He pulled his hands from his pockets and pulled her closer. “I’m seducing you, I think.”

“Seducing me?” Her heart hammered against her ribs.

“Hmm. You’re doing it again.” Then he lowered his mouth and kissed her.~

For more on Author Lilly Gayle visit:

www.lillygayle.com

www.lillygayleromance.blogspot.com

www.facebook.com/lillygaylebooks

The Secret Life of Bees, errrr, Writers


Ever noticed that when writers are portrayed in movies they tend to come across as, well, nuts?  The examples are endless.  Take Nim’s Island, the author in this film is so agoraphobic/germaphobic she can’t open the door to get her mail, runs through bottles of handsanitizer, and only eats a certain kind of soup—not certain which phobia that is.   She also carries on vivid conversations with her only companion who happens to be the main character in her novels.  *Gerard Butler, so certainly tempting, but throw in  delusional schizophrenia.  And then there’s Stranger Than Fiction where the novelist, another ‘eccentric’ to put it mildly, has Godlike power over her bedeviled character who ultimately arrives on her doorstep begging for his life.  She plans to kill him in her novel.  And the list goes on.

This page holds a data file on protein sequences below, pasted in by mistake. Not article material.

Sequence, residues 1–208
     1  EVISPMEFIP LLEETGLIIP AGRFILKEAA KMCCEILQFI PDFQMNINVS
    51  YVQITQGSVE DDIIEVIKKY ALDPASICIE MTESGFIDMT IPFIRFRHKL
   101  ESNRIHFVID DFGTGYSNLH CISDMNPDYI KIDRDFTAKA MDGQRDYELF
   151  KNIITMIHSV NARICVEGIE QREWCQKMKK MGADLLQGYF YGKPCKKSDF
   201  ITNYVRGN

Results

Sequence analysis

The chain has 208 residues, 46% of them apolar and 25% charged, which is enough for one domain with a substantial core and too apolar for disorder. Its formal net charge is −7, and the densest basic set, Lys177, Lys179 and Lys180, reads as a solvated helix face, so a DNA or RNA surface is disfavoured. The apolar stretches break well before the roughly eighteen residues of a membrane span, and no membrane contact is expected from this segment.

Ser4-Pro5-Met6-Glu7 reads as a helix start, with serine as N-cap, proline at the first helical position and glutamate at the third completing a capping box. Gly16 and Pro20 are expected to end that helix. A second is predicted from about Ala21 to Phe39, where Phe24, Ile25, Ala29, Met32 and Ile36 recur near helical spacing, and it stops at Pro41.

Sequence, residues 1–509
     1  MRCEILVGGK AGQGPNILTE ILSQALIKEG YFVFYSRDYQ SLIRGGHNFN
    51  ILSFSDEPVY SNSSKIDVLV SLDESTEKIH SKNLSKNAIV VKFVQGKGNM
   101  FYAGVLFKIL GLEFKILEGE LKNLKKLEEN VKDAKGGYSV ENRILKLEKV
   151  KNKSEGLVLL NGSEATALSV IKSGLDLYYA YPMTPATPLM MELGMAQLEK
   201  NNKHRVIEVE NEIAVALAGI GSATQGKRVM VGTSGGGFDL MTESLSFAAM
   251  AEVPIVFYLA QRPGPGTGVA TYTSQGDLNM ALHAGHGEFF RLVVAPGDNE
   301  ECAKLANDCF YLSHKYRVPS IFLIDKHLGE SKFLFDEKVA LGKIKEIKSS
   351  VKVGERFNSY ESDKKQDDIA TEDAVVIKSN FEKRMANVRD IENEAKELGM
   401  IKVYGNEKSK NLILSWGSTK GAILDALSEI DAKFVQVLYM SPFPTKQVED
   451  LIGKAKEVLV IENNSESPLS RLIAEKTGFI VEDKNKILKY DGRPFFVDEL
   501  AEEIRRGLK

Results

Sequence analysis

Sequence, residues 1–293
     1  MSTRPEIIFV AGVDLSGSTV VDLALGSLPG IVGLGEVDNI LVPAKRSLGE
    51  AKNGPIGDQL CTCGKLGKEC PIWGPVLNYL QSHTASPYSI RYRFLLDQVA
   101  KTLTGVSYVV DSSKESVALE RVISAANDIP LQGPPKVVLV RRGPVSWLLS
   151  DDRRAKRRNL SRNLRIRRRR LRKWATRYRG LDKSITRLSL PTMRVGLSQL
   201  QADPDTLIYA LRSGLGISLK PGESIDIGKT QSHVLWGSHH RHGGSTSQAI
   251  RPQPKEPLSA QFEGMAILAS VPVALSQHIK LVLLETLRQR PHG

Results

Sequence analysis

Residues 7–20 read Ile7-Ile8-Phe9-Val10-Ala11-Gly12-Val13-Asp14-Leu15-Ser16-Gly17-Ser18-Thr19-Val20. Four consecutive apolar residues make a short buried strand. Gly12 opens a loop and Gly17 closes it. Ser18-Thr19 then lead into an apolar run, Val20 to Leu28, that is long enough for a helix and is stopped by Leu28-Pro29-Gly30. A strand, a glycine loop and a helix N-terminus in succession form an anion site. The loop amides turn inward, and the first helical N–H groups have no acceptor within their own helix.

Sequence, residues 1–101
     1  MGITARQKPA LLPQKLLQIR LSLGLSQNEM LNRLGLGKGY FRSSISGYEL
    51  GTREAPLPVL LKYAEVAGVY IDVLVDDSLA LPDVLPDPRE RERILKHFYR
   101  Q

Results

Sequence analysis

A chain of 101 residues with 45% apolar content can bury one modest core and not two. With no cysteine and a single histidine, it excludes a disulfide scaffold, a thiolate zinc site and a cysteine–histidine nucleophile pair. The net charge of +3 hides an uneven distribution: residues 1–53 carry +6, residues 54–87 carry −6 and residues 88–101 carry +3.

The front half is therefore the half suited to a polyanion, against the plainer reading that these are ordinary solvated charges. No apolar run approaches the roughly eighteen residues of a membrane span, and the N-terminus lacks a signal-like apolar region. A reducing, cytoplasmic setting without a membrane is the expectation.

I suppose there’s some justification for this crazy writer theme, as there’s a fine line between creativity and insanity.   And it’s not lost on me that this portrayal is coming to us via the scriptwriters, although they’re mostly making fun of novelists.   But it’s my thinking that most people simply do not understand the mindset of writers.  For example, on chat loops, Twitter, workshops…we blithely inquire of  each other which would be the best way to kill someone in a given situation or time period.

When I taught my herbal lore class last fall I received numerous queries as to which poisonous herb to use for the desired effect, depending on how fast or slowly an author wished their character to succumb–yes, yes, we’re speaking of characters–and in what form to deliver the fatal elixir, mixed with food or other medication…and should they disguise the bitter taste or will the unsuspecting victim just knock it back as is?